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Natural Kids

Natural Kids: April 2010

Thursday, April 29, 2010

Make a Strawberry Fruit Tart

Today's recipe is by Cyn of FairiesNest (be sure to check out her lovely shop here). The timing for this recipe is perfect with so much local fruit just coming into season (can't wait for our local organic strawberries in June). It would make a delightful Mother's Day surprise too.

Recipe for a Strawberry Fruit Tart

The strawberries in our part of the world are coming in fast and furious. To make this fruit tart, you start with a pre baked tart shell, preferably a sweet shortcrust. My favorite one is from the book Festive Tarts by Sylvia Thompson. (This is a fantastic tart book that I highly recommend and although it's out of print you can find cheap used copies).

1 2/3 cup flour
1/4 cup sugar
1/4 teaspoon baking powder
10 tablespoons butter
pinch of fresh ground nutmeg
1 egg yolk
3 tablespoons cream

Combine the dry, cut in the butter until the mixture resembles cornmeal, add the wet and mix lightly until a ball of dough forms. refrigerate for 15-30 mins. Roll out and place in tart form. Stick in the freezer for 30 mins and then bake in a 400 degree F oven with pie weights (or dried beans) on a piece of parchment inside. After 15 mins remove the weights and bake for 12 more mins. Cool and fill!

photo via Flickr

Cut up enough fruit to fill your tart; peaches, berries, plums, all of one kind or a mix ...whatever you think is yummy. Mix together 1 cup sugar with 3 cups of orange juise and 4 tablespoon cornstarch in a saucepan. Heat this stirring constantly until it thickens. Put about 1/3 of the mixture in the bottom of the tart. Now place in the fruit in a pretty pattern or all mixed up, it doesn't matter. Then carefully cover all the fruit with the rest of the OJ sauce. Refrigerate for at least an hour, but not more than 4 or 5 because you don't want it to get soggy...though it will still taste good! One little trick; if you're using fruit that might brown, like peaches, toss them with the OJ first and then drain them and proceed. It also gives the OJ a great peachy taste... This works well for freezing peaches too!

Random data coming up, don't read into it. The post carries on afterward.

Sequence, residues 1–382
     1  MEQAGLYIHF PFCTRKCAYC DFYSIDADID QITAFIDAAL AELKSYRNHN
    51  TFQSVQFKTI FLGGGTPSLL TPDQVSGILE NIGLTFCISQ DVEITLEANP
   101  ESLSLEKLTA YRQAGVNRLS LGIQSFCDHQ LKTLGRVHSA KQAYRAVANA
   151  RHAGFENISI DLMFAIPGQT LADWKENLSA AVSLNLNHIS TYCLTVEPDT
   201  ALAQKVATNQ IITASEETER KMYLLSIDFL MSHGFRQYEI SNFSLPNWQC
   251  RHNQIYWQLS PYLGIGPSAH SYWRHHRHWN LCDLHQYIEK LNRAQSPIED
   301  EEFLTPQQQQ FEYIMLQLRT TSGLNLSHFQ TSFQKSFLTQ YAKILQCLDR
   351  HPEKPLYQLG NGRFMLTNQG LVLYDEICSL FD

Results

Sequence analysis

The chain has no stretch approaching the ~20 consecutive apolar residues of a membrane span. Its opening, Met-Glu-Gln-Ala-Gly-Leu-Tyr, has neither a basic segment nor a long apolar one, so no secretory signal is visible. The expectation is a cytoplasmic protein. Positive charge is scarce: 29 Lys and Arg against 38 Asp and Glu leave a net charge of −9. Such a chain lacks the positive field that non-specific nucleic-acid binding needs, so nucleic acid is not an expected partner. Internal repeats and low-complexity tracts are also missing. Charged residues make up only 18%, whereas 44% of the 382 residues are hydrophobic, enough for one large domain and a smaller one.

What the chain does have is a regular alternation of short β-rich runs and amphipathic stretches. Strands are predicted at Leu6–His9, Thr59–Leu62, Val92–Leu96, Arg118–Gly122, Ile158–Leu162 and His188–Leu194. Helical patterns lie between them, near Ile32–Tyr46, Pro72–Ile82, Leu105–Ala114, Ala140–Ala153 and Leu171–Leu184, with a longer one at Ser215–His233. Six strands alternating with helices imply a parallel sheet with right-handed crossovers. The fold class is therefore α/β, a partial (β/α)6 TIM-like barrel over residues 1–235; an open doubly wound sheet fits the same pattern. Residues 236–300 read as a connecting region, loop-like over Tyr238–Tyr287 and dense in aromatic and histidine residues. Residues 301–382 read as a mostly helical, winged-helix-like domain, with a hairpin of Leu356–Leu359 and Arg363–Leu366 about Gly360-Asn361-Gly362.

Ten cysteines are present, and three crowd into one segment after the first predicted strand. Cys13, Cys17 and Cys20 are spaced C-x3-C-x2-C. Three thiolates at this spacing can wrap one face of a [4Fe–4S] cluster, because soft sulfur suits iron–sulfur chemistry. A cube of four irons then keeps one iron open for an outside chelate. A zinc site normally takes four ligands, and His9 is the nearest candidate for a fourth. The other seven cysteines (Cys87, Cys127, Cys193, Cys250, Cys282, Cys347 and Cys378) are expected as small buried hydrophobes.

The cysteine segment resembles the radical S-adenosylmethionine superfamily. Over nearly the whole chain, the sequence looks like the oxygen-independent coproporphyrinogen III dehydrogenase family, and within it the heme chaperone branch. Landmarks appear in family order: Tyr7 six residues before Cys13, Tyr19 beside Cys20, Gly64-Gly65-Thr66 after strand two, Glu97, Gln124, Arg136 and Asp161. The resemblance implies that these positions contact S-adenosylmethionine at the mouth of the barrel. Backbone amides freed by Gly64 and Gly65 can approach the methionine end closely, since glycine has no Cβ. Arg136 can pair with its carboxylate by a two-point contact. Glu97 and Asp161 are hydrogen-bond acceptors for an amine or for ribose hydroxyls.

Here's a sweet spring flower pixie from Cyn's shop!

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Wednesday, April 28, 2010

Spring / Summer Acorn Gnome Tutorial

My children and I have been collecting acorns and designing outfits for our little Acorn Gnomes... We re-used materials we had from around our home and the garden...

Spare felt pieces
Small tack nails
Needle and thread

Attach the acorn to the cork with a metal pin / tack.

Cut a piece of felt the height of your cork and wrap it around before you cut it to make sure it fits all the way around.

I have sewed it on with blanket stitch.

Cut another wider piece for your gnomes jacket, also the height of your cork.

Sew along the top of the jacket / cape and then pull your sewing thread tight to gather the felt.

Sew on the cape.

Sew around the cape in blanket stitch.

Cut out little petal shapes from your felt pieces. (I always save my scraps of felt:)

Start sewing them together on the top.

  All sewn together with a green felt stem on the top.

Fold two petals back and sew them securely where the little gnomies face will be.

And there he is!


Etsy Shop: Mamma4earth 
Blog: Natural Suburbia

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Tuesday, April 27, 2010

New Listings from the Natural Kids Team

Found at Etsy when using the search words "naturalkids team" ~

Monday, April 26, 2010

Mini Monday - Polar Bear Creations

Etsy: Your place to buy & sell all things handmade

Meet Sue of Polar Bear Creations :